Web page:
this day in nascar history

May 3 in NASCAR: Bobby Allison wrecks at ‘Dega, Davey earns 1st Cup win

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To paraphrase late President Franklin D. Roosevelt, May 3, 1987 will forever be a day that will live in NASCAR infamy.

Not only was it a day in which Bobby Allison was involved in a horrific wreck at Talladega Superspeedway, it was also the day that would begin NASCAR’s move to smaller carburetors and then restrictor plates at the superspeedways in Talladega and Daytona.

Allison was coming through the ‘Dega tri-oval 21 laps into the scheduled 188-lap race when the right rear tire on his Stavola Brothers Buick blew.

The car almost immediately became airborne and remained so for several seconds, spinning into and tearing up approximately 100 feet of catch fencing before landing on the track.

Bobby Allison was unhurt in a horrifying crash at the 1987 Winston 500. It took three hours for track officials to repair the fence.(Photo by ISC Archives/CQ-Roll Call Group via Getty Images)

Several fans suffered mainly minor injuries. Allison emerged from the infield care center rattled and bruised but otherwise uninjured, telling ESPN:

“I’m okay. Very thankful for the good Lord that I’m not hurt and I hope nobody else down there is hurt too bad. I think I ran over something, I couldn’t really tell, something bounced under the car and the tire exploded. I think I ran over something and cut my right rear tire down and spun the car in the tri-oval and up in the air it went, around backwards and there was nothing I could do.”

Allison’s crash came four days after Bill Elliott set a speed record during qualifying that remains: 212.809 mph, in a Ford Thunderbird.

By comparison, just a week later, Bobby Rahal would win the pole for the 1987 Indianapolis 500 with a speed of 216.609 mph.

With a number of notables in the sport, including NASCAR Hall of Fame driver-turned-owner Junior Johnson, fearing speeds were reaching dangerous levels, NASCAR implemented smaller carburetors for the second races of that season at Daytona and Talladega.

The sanctioning body would introduce restrictor plates in 1988 to keep speeds down, a move that remained in place until last year, when the sport changed to tapered spacers as well as a larger spoiler, larger splitter and aero ducts added to the car to decrease speeds and lower the odds of cars going airborne.

Plate racing would bring with it drafting, cars driving in packs, and massive multi-car wrecks that simply became known as “the big one.”

As for the rest of the 1987 race at Talladega, after a three-hour red flag to repair the fence, the race resumed. Davey Allison would come back to lead 101 of the remaining 167 laps and take the checkered flag .78 of a second ahead of Terry Labonte, for the first of what would be 19 career NASCAR Cup victories.

The younger Allison, one of the youngest members of the fabled Alabama Gang, would earn three Cup and four ARCA wins, as well as an IROC victory, at ‘Dega in his career.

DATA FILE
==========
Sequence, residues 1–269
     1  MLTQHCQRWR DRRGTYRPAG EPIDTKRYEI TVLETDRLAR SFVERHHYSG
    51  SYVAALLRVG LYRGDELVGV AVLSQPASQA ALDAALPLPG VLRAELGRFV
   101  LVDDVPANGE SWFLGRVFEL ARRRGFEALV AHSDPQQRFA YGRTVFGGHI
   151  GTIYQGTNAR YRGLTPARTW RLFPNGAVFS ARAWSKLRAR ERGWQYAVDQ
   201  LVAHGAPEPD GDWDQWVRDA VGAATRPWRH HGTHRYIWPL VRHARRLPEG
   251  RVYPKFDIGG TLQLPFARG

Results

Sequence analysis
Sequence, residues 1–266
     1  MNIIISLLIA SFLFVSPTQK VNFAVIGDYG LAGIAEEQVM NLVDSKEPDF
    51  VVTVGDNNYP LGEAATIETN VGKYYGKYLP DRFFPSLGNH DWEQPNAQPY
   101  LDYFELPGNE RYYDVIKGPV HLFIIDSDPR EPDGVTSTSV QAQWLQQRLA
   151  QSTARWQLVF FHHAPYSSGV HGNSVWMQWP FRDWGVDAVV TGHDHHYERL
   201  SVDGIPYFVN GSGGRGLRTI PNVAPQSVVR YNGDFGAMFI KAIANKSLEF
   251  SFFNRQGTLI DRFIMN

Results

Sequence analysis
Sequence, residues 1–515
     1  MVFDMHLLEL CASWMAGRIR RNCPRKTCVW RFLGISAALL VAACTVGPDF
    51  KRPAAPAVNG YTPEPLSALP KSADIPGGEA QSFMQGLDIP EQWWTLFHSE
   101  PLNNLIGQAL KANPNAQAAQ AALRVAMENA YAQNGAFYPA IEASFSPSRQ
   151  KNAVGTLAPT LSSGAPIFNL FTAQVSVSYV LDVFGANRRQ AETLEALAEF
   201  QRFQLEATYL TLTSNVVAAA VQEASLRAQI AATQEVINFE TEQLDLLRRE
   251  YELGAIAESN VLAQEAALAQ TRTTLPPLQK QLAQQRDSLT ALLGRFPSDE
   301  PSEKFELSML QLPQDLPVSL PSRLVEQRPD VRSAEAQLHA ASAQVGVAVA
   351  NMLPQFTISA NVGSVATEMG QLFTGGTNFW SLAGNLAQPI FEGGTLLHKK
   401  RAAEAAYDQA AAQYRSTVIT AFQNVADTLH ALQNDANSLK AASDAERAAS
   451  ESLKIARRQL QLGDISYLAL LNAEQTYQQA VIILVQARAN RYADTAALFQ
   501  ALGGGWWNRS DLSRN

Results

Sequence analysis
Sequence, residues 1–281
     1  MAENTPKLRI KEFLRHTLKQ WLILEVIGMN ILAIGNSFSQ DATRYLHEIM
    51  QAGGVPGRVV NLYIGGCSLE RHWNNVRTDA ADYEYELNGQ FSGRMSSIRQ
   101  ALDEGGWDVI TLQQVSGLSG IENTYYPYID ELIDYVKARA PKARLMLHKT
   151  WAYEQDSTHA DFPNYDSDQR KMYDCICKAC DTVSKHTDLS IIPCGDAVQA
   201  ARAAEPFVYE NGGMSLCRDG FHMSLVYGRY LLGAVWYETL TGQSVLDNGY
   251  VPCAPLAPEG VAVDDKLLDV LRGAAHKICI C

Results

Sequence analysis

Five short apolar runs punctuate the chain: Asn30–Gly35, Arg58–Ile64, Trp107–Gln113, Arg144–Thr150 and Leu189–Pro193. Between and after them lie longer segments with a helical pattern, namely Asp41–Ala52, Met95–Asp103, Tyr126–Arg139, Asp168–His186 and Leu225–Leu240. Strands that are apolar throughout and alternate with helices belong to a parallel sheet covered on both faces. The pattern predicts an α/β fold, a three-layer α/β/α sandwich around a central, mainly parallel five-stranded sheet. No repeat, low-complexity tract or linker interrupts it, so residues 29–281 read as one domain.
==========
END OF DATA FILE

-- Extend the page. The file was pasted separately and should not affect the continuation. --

Sadly, Davey would also lose his life at the 2.66-mile racetrack in 1993 when the helicopter he was piloting crashed while attempting to land at the facility.

Also on this date:

1981: Following a last-lap pass, Bobby Allison edged Buddy Baker at the finish line by 0.1 seconds to win the Winston 500 at Talladega.

1992: Davey Allison won the Winston 500 at Talladega, leading 110 of 188 laps, including the last 71, beating Bill Elliott to the finish line by two car lengths. It was the third and final time the younger Allison would win a Cup race at his home track.

1998: Future NASCAR Hall of Famer Mark Martin won at California Speedway, beating Jeremy Mayfield by nearly two seconds.

2003: Joe Nemechek won the Pontiac Excitement 400 at Richmond under caution due to rain, seven laps short of the scheduled 400 laps. It would be the third of four career Cup wins for Nemechek.

2008: Clint Bowyer earned the second of his 10 Cup wins to date, winning at Richmond by .439 seconds over Kyle Busch.

2015: Dale Earnhardt Jr. won the Geico 500, his sixth and final Cup win at Talladega. He beat Jimmie Johnson by .158 seconds.

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March 20 in NASCAR History: Carl Edwards’ dramatic first Cup Series win

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The NASCAR world got introduced to Carl Edwards in a big way in March 2005.

In the span of 24 hours, March 19-20, Edwards claimed his first career wins in both the Cup and Xfinity Series.

The wins came in his 17th and and seventh career starts in each series during a race weekend at Atlanta Motor Speedway.

The finish in the Cup race was true to form for Atlanta, which was a regular host of dramatic photo finishes in the early 2000s, long before its track surface was worn down into a driver favorite.

The final 44 laps saw Edwards, driving Roush Fenway Racing’s No. 99 Ford, dueling with future seven-time champion Jimmie Johnson.